Hogwarts Prop Train Rescues Stranded Family

In times of emergency, who comes to our rescue is the last thing on our minds. Whether it be a herd of elephants or an 8-year-old kid, safety is all that matters. But sometimes, we are pleasantly surprised. What started out as a nightmare for this Scottish family turned into an adventure on the Hogwarts Express.

The family of six was spending a vacation camping in the Scottish Highlands. But on Friday, Jon Cluett woke up and walked out of his hut on Loch Eilt to find that their 16-foot red canoe had disappeared, probably washed away by the river.

Miles away from their car and with no other option, Cluett phoned the police. What the officer would reply was nothing short of astounding.

“The policeman said, ‘We’ve arranged for the next train passing to stop for you, and you’re not going to believe this but it’s the Hogwarts Express steam train. Your kids are going to love it,’”

Expectedly, the Cluett children did what any Potterhead would — flip out. If the Hogwarts Express is a go-to rescue vehicle along Fort William and Mallaig, GPS may no longer be a priority to casual hikers.

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Bus Driver Helps Stranded Schoolgirl Get To Class

Random acts of kindness need not be grand to make an impact. A group of strangers might’ve rescued you and your dog from a hiking venture gone wrong. Perhaps a doctor delivered your baby in the middle of her own birth. Whatever the case, the common factor is gratitude. This stranded schoolgirl was overflowing with it when a bus driver went out of his way to help her get to class.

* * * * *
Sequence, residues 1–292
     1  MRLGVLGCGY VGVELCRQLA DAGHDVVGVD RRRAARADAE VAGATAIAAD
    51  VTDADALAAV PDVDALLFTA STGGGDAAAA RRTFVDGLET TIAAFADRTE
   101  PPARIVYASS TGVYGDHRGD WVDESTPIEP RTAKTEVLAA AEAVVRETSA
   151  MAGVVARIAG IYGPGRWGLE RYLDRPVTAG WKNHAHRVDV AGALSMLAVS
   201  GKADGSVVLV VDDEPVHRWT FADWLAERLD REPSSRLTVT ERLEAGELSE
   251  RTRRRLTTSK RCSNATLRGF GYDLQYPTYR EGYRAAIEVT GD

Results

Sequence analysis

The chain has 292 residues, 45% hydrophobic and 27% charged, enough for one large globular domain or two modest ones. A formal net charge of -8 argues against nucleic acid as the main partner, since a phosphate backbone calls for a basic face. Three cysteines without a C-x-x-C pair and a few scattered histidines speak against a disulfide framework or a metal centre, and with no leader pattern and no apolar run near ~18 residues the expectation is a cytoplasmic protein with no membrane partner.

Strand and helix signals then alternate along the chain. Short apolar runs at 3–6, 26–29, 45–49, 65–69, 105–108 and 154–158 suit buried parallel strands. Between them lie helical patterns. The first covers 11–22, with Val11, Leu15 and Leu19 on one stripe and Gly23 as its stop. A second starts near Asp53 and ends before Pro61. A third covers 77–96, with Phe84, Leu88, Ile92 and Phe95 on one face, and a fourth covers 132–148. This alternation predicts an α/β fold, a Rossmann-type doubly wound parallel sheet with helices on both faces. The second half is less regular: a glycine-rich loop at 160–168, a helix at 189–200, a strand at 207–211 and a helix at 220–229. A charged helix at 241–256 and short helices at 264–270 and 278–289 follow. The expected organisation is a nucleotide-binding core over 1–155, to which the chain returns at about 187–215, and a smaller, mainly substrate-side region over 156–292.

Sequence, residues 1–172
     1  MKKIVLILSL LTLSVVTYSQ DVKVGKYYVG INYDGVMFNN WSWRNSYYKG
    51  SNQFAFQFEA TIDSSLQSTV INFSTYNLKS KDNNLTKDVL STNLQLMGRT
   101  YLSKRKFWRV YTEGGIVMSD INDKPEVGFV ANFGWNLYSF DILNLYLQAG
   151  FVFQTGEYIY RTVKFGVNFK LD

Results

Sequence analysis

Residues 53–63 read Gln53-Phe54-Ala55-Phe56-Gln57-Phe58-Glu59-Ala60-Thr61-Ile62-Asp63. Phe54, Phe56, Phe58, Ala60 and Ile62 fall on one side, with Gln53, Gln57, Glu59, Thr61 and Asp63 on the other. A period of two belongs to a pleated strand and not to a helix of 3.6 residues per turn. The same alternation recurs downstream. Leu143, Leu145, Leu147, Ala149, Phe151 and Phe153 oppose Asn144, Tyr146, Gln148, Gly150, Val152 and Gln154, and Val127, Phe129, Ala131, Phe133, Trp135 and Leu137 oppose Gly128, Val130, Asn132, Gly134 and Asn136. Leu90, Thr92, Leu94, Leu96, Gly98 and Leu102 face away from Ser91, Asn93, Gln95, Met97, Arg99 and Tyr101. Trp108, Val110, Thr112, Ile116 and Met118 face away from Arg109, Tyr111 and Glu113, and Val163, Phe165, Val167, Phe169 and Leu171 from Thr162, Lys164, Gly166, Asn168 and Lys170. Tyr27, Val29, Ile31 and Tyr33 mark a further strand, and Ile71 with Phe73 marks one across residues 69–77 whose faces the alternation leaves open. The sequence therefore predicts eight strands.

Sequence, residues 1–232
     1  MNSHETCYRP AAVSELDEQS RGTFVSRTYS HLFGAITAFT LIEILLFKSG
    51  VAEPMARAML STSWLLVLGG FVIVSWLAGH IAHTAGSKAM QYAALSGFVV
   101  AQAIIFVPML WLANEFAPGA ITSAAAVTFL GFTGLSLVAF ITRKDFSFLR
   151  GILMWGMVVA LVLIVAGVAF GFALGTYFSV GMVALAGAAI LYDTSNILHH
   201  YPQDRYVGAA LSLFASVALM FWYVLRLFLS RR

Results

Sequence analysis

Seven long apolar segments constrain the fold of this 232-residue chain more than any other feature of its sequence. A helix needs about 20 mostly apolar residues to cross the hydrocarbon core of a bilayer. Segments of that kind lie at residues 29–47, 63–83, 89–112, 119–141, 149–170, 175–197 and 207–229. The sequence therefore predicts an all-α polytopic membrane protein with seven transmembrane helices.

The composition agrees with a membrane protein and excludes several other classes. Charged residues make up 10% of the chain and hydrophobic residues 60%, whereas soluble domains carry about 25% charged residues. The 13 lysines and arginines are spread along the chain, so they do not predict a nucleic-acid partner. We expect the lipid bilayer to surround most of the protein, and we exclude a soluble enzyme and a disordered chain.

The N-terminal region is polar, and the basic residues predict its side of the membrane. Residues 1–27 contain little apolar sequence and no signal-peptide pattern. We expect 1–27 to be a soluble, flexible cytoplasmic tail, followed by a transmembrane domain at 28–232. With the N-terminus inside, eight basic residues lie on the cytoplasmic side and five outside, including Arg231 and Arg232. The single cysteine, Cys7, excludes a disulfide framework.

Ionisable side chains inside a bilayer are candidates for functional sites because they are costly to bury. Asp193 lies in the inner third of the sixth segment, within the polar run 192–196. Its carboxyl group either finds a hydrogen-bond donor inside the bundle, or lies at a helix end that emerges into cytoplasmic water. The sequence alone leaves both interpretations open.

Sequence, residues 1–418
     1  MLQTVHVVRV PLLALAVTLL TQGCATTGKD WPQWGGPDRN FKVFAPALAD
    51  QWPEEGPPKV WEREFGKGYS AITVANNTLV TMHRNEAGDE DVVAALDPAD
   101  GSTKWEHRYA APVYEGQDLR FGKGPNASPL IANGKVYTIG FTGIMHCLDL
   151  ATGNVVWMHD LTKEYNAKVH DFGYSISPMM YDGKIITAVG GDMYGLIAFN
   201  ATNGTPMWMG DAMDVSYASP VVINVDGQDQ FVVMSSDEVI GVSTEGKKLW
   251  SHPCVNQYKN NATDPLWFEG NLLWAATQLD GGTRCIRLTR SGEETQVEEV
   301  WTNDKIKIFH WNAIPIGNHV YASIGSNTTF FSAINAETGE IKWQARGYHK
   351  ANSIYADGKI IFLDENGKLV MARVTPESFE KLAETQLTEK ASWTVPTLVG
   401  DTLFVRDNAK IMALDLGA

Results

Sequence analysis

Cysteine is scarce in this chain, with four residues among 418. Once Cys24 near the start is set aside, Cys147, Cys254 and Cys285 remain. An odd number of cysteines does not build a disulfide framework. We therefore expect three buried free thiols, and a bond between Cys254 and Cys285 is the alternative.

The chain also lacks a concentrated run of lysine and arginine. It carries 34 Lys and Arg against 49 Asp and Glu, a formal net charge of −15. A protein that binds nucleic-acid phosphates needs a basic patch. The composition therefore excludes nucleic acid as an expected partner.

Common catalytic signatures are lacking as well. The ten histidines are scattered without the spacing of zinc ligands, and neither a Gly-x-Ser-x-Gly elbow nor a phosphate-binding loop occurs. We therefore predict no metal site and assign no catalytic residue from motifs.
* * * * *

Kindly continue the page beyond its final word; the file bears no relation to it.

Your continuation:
He promised the girl, who appeared to be about 11 or 12 years old, that she wouldn’t be late for class. He then arranged for a cab to pick her up outside a nearby grocery store, escorted her to the pick-up point and gave her around $6.50 of his own money so that she could cover the fare.

The unexpected deed caused a 10-minute delay in the bus schedule, but no one seemed to mind. In fact, passengers praised the everyday hero for his thoughtful gesture.

A spokesperson for First Bus told the BBC they were “delighted” with their driver, who had shown “exceptional customer awareness and consideration for this young girl, who was clearly very upset.”

The news first circulated on Facebook where, to no surprise, it has gone viral.

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